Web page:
in vitro when cultured with GM-CSF and IL-4 REF. 22.
However, the observation that the CCR2– monocytes
can enter tissues and acquire a DC-like phenotype
under steady-state conditions is consistent with the
finding that their human counterparts (CD14+CD16+
monocytes) preferentially differentiate into DCs in the
in vitro transendothelial-migration model12.
It was not clear at which point the division in lin-
eage between the two monocyte subsets occurred.
Sunderkotter and colleagues25 attempted to address this
question with a series of experiments based on in vivo
depletion of all monocytes with CLODRONATELOADED LIPO
SOMES and in vivo labelling with DILLABELLED LIPOSOSOMES,
followed by study of the repopulation kinetics of both
monocyte subsets. After depletion, the first monocytes
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Bone marrowPeripheral bloodInflamed tissue
Draining lymph node
Kupffer cells, alveolar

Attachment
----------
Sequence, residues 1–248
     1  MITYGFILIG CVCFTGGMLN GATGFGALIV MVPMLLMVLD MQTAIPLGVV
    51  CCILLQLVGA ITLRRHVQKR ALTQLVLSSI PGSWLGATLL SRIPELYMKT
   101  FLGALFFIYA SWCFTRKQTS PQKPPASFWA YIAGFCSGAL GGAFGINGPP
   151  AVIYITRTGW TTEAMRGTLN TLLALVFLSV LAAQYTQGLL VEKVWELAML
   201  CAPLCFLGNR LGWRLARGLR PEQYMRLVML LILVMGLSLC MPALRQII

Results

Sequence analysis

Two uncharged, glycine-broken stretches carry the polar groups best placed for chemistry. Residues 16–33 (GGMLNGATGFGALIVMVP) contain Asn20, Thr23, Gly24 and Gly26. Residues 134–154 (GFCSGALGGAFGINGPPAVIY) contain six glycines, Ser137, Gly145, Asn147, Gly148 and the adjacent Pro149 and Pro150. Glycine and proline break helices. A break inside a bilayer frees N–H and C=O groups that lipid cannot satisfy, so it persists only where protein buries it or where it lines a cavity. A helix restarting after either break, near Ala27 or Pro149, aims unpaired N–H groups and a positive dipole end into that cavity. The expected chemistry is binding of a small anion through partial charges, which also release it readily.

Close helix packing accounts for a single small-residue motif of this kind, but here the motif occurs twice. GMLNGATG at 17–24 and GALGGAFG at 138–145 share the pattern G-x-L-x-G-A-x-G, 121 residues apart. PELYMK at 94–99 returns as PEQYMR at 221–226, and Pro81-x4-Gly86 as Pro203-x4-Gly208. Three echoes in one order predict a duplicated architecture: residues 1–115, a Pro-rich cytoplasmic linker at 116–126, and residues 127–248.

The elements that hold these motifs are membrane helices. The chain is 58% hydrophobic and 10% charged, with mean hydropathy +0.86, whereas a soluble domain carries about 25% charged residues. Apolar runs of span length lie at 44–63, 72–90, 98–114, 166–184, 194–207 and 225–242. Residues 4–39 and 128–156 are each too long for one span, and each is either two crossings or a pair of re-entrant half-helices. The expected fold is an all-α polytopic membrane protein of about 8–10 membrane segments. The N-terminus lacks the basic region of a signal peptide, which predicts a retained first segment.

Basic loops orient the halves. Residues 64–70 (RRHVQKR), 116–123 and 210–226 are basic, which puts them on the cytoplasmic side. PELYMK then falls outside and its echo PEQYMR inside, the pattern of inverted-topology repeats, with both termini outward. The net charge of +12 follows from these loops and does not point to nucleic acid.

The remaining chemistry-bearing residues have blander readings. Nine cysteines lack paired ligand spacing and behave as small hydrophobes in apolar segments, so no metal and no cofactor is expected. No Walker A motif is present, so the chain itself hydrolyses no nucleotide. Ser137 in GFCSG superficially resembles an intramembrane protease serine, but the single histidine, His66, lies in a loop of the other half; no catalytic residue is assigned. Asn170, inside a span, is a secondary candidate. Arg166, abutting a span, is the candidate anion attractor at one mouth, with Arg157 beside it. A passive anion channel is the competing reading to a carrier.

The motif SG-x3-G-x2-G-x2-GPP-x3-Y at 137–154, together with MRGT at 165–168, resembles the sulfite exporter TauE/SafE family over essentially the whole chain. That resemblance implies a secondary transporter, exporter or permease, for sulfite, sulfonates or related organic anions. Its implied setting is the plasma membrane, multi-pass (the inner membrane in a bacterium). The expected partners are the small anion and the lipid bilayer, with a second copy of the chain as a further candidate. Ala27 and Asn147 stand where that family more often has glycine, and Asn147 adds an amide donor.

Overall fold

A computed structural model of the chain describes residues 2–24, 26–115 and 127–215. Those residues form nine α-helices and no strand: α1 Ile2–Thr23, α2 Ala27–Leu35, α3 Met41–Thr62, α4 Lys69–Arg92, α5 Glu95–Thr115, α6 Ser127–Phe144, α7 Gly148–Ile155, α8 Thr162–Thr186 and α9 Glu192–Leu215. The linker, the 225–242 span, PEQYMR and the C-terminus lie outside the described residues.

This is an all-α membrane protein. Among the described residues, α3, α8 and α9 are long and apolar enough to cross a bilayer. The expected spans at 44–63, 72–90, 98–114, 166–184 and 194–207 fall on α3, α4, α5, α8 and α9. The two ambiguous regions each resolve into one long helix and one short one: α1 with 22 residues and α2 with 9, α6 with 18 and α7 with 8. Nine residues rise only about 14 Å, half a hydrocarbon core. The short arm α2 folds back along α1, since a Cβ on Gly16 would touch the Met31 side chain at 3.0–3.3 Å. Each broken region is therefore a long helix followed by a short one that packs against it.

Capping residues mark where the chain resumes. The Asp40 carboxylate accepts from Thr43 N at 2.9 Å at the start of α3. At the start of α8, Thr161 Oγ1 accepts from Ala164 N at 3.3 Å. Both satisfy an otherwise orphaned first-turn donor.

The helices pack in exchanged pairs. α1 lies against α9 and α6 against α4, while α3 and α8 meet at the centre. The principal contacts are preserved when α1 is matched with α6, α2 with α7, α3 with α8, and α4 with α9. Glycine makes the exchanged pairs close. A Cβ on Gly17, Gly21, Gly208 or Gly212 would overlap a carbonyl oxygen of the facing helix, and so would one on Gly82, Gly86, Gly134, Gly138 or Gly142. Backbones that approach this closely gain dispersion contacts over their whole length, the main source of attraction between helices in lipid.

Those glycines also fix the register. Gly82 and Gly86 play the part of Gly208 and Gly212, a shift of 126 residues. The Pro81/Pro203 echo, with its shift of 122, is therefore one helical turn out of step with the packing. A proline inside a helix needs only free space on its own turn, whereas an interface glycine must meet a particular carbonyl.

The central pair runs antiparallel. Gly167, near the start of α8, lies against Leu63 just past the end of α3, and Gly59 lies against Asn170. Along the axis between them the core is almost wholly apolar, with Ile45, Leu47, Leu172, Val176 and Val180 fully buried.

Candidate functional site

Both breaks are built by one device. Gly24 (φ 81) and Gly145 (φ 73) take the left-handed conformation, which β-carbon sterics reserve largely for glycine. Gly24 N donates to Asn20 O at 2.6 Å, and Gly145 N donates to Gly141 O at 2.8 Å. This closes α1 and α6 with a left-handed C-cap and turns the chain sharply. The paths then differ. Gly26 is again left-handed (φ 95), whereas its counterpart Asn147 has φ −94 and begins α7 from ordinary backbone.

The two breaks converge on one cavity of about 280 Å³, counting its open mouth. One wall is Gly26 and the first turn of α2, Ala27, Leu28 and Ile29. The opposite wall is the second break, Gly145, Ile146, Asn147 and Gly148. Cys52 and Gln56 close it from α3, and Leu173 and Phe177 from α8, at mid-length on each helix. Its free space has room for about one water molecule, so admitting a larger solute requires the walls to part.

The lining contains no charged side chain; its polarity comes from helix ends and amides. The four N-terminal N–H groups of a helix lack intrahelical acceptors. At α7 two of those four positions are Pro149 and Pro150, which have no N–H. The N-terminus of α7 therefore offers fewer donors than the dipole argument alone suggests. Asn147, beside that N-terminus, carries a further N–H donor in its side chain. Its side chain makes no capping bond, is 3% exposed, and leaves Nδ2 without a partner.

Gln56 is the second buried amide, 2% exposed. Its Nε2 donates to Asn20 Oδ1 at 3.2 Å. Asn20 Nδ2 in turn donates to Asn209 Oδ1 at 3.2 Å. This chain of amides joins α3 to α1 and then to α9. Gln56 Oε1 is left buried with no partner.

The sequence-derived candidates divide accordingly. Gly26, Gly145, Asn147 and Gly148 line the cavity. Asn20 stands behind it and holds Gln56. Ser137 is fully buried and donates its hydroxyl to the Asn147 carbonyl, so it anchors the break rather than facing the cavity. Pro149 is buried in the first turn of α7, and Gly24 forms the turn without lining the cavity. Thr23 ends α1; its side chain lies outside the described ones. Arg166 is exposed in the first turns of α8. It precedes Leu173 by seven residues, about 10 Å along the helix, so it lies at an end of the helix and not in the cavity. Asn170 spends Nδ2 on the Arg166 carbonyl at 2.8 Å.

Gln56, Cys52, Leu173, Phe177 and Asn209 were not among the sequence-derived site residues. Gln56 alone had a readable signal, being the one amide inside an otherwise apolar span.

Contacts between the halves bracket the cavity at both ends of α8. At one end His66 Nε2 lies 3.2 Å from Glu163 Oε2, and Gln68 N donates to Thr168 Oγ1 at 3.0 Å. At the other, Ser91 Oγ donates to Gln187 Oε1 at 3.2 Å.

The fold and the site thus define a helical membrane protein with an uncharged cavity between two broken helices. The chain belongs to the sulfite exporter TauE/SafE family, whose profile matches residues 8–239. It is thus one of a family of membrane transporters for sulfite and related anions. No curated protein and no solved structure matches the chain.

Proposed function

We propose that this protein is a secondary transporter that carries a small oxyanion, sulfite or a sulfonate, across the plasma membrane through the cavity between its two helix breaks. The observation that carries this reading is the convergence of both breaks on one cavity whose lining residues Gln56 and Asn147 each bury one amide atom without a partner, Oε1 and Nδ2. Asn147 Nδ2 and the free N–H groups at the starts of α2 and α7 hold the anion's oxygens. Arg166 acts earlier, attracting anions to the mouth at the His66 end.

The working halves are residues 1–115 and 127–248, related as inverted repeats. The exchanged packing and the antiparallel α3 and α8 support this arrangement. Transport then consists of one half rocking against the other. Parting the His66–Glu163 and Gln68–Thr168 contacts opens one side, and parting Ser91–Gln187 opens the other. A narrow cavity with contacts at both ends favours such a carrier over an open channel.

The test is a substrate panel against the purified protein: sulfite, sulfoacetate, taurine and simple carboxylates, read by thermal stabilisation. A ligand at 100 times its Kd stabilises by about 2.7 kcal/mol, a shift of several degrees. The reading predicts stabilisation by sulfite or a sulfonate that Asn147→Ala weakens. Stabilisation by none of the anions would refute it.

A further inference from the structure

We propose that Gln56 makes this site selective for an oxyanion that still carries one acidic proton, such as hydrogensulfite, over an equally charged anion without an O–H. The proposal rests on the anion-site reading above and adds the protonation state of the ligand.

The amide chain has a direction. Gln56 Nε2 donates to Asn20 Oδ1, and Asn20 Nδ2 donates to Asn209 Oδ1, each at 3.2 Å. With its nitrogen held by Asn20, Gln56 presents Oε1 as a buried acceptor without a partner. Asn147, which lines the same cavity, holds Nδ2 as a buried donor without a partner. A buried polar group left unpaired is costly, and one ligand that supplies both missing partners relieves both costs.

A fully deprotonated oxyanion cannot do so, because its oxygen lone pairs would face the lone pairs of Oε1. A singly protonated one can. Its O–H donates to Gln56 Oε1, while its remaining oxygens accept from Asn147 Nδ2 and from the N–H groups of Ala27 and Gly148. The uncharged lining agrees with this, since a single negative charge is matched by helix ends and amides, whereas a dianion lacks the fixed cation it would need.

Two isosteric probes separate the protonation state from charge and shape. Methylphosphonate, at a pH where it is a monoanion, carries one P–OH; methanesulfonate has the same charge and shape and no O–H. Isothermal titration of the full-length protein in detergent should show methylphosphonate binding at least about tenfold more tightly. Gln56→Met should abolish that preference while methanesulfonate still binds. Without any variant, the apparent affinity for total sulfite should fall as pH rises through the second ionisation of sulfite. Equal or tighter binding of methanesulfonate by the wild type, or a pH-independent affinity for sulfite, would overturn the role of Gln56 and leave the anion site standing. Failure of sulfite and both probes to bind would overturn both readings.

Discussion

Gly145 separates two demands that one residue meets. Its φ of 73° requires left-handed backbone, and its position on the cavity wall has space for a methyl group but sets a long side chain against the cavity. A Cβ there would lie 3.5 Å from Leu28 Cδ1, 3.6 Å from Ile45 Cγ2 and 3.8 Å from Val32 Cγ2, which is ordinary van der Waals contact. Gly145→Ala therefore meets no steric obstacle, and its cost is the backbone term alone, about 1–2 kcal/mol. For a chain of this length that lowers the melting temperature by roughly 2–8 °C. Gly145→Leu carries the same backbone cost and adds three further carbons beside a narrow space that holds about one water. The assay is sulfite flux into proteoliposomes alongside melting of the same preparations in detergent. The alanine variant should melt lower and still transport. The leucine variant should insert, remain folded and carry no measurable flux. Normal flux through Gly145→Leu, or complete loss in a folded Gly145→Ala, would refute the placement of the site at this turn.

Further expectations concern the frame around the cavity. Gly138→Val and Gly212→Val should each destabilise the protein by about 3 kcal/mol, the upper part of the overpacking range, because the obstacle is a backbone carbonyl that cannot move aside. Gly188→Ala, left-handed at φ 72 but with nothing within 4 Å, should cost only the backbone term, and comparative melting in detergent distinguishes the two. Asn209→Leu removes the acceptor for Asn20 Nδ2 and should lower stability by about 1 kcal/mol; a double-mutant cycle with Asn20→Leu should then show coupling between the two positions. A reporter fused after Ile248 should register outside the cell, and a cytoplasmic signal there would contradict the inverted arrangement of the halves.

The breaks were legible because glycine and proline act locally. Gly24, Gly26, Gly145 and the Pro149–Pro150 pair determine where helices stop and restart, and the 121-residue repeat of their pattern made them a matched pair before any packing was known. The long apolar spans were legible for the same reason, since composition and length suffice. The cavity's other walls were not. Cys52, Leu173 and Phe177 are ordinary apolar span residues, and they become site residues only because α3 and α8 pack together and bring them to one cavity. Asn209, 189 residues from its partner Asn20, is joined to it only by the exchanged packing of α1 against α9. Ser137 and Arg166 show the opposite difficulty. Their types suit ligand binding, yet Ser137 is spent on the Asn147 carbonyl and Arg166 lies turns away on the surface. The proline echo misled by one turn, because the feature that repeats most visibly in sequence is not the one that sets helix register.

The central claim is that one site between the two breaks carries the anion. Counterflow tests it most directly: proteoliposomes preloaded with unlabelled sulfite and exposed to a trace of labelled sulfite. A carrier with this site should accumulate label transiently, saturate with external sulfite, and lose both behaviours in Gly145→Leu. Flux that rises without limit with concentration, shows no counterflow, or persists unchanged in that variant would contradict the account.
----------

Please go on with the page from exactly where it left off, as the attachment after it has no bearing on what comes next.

to reappear in the circulation were the CCR2+ (inflam-
matory) subset. The phenotype of these cells resembles
that of monocytes found in the bone marrow26, and
their appearance at this stage is consistent with the
hypothesis that these monocytes precede the CCR2–
subset in the developmental pathway. Unfortunately,
the adoptive transfer of purified CCR2+ monocytes did
not formally confirm this hypothesis, although this was
attributed to inappropriate manipulation of the mono-
cyte subset during purification, because the transferred
cells could not be recovered from the circulation25. In
addition, Sunderkotter and colleagues25 identified a
rare population of monocytes that were character-
ized by intermediate expression of Ly6C. Assuming
that the proposed pathway of CCR2–Ly6C– monocyte
derivation from CCR2+Ly6C+ monocytes is true, this
population might be an intermediate phenotypic state
between the two subsets (FIG. 1).
It had already been shown that inflammatory
monocytes recruited to the skin after injection of
fluorescent latex beads could ingest the beads, and
although most of these cells remained in the tissue as
macrophages, others could migrate to the T-cell area
of the draining lymph node and acquire a DC-like
phenotype (that is, CD11c+MHC class II+)27. While
investigating the possible role of CCR2 and CX3CR1
in regulating the migration of latex-bead-carrying
monocytes from the skin to the draining lymph
nodes, proliferation of Ly6Cmid monocytes, associ-
ated with a relative reduction in the size of the Ly6C+
monocyte subset, was observed in the peripheral
blood of CCR2-deficient mice28. Genetic deficiency